So, the stems; the magic stems. Stems consist of the main stalk of the cluster, the bit you pick up when you buy grapes at the market, which is called the rachis, plus the pedicels, which are the tiny stems that attach each grape to the main stem. They all consist mostly of water, but they have tannins as well, and it is these tannins that made producers rush to buy crusher-destemmers when summers were cooler than they are now and the stems less likely to be ripe. Ripe stems are brown; unripe stems are green. It's not for nothing that we describe unripe tannins as tasting "green". Removing the stems in unripe vintages lessened the impact of green tannins. But the stems do more than just contribute tannins and thus structure. Wines made with whole-cluster have darker, spicier flavors. That dark, serious, weighty aspect was what was noticeable in a lot of red Burgundies in the years when many producers were seeking more imposing wines, in line with fashion. Now fashion demands elegance and freshness, and the wonder of whole-cluster is that it can deliver this, too. Whole-cluster ferments tend to be slightly lower in alcohol and have a little less color; they also may have slightly less acidity, but more perceived freshness; just a touch of greenness from the stems can be helpful here. As ever, wine is contradictory. For every producer using a whole-cluster for more weight and structure, there'll be another using it for elegance and freshness.

The Vineyards

For example: Alvaro Palacios makes Priorat of an elegance and finesse that is whole galaxies away from the stand-a-spoon-up Priorat that you might have found from other producers in earlier years. He works mostly with Garnacha, a naturally pale, low-acid, low-tannin grape. What he needs is, he says, "more structure, more vinosity, more dry extract, more physical dimension – but you have to be careful not to overdo it. You don't want to lose freshness. In Rioja, you can feel whole-cluster [in the wine]. In Priorat, there is such a force of the soil in the wine that you don't feel the flavors but you do feel the texture of the stalks. You get color and concentration and structure."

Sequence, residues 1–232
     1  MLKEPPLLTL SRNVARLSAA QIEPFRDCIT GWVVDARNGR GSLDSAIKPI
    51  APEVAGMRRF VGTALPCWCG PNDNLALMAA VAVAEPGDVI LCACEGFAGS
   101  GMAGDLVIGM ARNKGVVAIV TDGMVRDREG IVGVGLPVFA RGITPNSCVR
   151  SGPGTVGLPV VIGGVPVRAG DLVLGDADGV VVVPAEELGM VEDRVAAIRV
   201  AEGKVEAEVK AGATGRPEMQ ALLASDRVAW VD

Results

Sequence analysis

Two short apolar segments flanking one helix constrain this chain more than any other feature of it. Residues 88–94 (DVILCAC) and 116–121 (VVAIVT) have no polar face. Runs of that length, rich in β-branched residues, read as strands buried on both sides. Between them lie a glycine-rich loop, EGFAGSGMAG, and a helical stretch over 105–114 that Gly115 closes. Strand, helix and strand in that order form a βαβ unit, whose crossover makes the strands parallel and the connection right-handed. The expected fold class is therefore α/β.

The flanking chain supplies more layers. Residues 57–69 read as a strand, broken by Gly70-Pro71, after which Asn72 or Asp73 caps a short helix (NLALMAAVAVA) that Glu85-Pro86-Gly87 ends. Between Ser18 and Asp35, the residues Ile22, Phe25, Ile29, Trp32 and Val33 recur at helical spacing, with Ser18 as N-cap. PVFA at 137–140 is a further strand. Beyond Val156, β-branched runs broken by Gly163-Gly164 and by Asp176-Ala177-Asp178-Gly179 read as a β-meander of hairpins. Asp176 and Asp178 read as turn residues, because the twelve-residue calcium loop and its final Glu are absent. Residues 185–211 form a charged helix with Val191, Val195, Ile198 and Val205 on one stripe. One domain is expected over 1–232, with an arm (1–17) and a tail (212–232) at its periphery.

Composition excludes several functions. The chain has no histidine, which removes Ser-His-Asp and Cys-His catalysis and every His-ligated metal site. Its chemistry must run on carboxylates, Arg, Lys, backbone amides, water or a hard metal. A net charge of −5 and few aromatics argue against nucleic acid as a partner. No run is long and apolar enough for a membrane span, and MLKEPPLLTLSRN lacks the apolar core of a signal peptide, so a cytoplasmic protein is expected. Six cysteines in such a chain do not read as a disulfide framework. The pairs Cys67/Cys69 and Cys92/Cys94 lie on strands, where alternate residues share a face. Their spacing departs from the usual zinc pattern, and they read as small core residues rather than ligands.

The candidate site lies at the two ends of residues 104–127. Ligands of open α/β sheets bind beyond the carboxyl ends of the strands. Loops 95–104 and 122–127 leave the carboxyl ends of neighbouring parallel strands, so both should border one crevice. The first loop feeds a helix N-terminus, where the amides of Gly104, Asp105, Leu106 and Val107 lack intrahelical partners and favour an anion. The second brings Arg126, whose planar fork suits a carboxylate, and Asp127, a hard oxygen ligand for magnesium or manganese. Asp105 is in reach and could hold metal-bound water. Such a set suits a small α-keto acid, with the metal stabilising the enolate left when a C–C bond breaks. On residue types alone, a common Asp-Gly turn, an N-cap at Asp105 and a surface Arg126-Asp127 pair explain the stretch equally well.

Photo by Dylan de Jonge on Unsplash

Soil matters. Donovan Rall in South Africa says that "the most important thing is to identify vineyard-specific sites which will not be overpowered by whole-cluster. The obvious mistake is to over-extract, and it can easily be done." One old Cinsault vineyard, for example, gives really ripe stems at harvest, and here he uses 100 percent whole-cluster. "In another Cinsault vineyard, I would only go up to 50 percent because the effect is twice as much as in the first vineyard." Grape variety matters, too. Says Rall, "Syrah is a very easy grape, one of the easiest on earth. Even if you pick early, it has pretty ripe stems… Some Syrah vineyards, especially on granite, tend to have less structure than on schist. Then I add stems for structure. On schist, I do whole-cluster but I don't touch it: just one page a day, to be very wary of over-extracting. Cinsault, even if you pick at 12.5-13 percent, produces less acid and higher pH than Syrah picked at 14 percent. In Cinsault specifically, I like a bit of green from the stems." It gives a perceived freshness that is different from acidity. "It enhances it. But you have to be very careful; it's a very delicate balance. But I don't think my Cinsault would be as fresh and lively if not for the stems."